Then there’s the portable artwork.  There are thousands of mnemonic devices out there that work similarly to the method of loci.  Many are the same as rock paintings.  Not the figurative art, but the abstract patterns of dots, circles, cross hatching, geometric figures, phosphene-like images, and so on.  These images aren’t representations, they’re another form of memory palace, something distinct enough that you can hook your own memory on it by associating it with some powerful image that helps you remember the information.  This might be reinforced with a chant, a dance, or other stuff that your human brain will remember.  This kind of art can be portable, too.  There are the Australian churingas, lukasas from the African Luba people, khipus, Polynesian tattoos, medicine bundles and so on.  The whole point of the miniature bits of artwork is to form a portable and memorable pattern that its owner can use to remember something much more complex.  The information isn’t encoded in the art, the art is simply the mnemonic device, and abstract patterns work well for this purpose.  And this doesn’t even get into the other mnemonic devices, like the I Ching or African divination methods, which use simple things like cowries and coins to generate patterns that become hooks on which hang books of memorized information.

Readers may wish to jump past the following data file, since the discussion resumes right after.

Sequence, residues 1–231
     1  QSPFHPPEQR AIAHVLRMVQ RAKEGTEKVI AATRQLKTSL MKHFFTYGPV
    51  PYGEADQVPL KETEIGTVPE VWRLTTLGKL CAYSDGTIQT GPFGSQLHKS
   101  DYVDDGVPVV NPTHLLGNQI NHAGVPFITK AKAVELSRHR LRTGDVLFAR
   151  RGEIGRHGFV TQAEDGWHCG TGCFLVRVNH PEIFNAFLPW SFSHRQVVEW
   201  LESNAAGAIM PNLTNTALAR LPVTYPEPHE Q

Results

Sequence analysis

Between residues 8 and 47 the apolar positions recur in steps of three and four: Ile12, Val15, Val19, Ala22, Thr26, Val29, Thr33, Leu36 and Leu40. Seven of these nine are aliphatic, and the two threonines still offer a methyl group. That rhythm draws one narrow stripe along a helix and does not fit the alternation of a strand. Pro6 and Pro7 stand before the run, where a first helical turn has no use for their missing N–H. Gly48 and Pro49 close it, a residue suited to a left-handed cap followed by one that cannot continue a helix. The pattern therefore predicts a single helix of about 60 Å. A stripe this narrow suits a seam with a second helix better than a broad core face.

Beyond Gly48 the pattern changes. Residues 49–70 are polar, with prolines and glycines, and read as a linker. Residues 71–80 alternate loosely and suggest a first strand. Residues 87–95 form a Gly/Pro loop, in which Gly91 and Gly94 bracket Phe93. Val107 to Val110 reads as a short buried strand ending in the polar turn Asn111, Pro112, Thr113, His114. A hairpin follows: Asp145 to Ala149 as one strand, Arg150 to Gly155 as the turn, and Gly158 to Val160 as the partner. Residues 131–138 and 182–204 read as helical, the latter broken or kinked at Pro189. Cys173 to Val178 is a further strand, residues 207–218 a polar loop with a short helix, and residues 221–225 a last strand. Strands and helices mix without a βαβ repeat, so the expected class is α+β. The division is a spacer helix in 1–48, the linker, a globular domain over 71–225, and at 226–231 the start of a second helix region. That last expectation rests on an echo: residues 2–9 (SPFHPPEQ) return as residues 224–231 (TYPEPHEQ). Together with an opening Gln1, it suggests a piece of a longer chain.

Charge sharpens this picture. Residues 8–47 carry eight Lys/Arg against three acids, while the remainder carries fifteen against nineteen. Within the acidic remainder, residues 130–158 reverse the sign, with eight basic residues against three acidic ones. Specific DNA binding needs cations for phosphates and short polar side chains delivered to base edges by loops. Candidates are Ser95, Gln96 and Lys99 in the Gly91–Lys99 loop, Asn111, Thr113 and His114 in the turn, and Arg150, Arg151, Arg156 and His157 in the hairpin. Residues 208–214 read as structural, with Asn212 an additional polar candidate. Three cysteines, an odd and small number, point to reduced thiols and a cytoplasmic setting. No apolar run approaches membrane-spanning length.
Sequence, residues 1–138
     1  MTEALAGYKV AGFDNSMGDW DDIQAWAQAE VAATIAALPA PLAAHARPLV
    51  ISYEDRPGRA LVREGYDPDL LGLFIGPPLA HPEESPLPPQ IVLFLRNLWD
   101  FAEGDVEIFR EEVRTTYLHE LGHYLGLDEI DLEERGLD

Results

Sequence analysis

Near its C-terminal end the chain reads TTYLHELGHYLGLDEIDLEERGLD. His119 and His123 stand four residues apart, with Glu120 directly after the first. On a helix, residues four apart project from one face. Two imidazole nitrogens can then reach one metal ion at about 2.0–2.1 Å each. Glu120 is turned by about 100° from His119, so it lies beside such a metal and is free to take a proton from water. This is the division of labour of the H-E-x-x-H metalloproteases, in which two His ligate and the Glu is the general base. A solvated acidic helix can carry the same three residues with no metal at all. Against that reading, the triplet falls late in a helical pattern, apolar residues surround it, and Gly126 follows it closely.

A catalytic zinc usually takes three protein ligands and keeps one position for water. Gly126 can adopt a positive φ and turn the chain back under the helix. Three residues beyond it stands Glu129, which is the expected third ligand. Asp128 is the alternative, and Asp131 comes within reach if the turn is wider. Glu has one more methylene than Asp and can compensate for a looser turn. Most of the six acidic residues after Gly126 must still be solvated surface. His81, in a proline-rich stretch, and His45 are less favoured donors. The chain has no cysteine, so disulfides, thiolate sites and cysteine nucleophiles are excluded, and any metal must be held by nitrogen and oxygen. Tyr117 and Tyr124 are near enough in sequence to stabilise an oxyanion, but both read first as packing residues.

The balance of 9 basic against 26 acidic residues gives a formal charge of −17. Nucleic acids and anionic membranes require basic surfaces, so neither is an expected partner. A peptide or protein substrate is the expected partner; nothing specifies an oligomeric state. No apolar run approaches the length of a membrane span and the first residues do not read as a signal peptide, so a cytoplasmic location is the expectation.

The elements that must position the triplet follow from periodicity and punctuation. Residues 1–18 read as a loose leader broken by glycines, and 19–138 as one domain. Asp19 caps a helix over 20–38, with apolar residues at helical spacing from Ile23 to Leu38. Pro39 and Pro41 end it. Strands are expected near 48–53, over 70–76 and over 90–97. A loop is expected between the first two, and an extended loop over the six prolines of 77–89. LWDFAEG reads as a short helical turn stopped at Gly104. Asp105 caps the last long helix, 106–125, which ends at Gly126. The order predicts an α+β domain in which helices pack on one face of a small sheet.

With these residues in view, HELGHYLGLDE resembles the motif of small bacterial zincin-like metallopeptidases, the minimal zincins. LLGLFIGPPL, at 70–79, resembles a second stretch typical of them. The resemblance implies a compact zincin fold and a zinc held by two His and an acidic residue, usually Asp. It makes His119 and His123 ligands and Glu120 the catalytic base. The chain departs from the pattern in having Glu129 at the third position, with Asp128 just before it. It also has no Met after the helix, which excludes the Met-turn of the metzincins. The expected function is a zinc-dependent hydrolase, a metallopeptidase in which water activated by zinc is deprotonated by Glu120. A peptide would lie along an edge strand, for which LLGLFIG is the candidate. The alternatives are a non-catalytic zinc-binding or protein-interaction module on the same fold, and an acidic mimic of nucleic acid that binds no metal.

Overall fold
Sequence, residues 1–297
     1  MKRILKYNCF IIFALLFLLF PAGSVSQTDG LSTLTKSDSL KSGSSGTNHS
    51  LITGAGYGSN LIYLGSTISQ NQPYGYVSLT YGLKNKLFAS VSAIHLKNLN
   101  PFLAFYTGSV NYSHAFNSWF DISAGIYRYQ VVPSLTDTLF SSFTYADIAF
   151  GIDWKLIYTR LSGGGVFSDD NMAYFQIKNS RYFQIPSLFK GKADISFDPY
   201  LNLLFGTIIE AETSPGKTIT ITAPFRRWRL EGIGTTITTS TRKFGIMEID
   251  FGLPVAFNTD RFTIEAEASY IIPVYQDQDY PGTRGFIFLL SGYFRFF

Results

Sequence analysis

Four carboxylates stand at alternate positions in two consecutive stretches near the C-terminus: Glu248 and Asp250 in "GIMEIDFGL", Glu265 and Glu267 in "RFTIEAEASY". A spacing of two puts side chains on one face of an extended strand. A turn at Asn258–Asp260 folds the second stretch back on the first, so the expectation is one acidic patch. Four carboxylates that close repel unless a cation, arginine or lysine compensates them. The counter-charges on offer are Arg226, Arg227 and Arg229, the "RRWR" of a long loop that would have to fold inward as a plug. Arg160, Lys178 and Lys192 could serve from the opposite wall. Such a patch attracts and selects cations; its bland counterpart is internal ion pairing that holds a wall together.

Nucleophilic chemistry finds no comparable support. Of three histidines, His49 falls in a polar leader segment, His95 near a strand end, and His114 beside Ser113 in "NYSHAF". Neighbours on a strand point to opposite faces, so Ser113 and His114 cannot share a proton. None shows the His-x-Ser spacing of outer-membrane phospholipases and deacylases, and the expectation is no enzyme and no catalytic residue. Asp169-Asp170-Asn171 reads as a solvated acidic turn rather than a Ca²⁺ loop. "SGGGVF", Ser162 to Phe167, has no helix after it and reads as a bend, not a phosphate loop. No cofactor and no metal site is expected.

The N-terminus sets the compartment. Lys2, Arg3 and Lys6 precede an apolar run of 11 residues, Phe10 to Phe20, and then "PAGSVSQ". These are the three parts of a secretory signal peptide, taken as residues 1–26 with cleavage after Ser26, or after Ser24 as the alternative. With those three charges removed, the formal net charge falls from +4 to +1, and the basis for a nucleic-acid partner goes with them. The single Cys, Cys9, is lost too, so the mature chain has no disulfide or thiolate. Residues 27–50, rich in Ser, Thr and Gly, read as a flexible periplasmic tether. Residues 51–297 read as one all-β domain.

There are many forms of augmenting memory, and they are critical in societies without writing (and even ones where literacy is not widespread).  Information on everything from health and hygiene to farming, law, genealogy, landscape maps, calendars, history, the works.  Unlike books, this information isn’t written and forgotten, it is memorized, ritualized, and the rituals are practiced regularly enough that they remain fresh, using mnemonic devices as cues.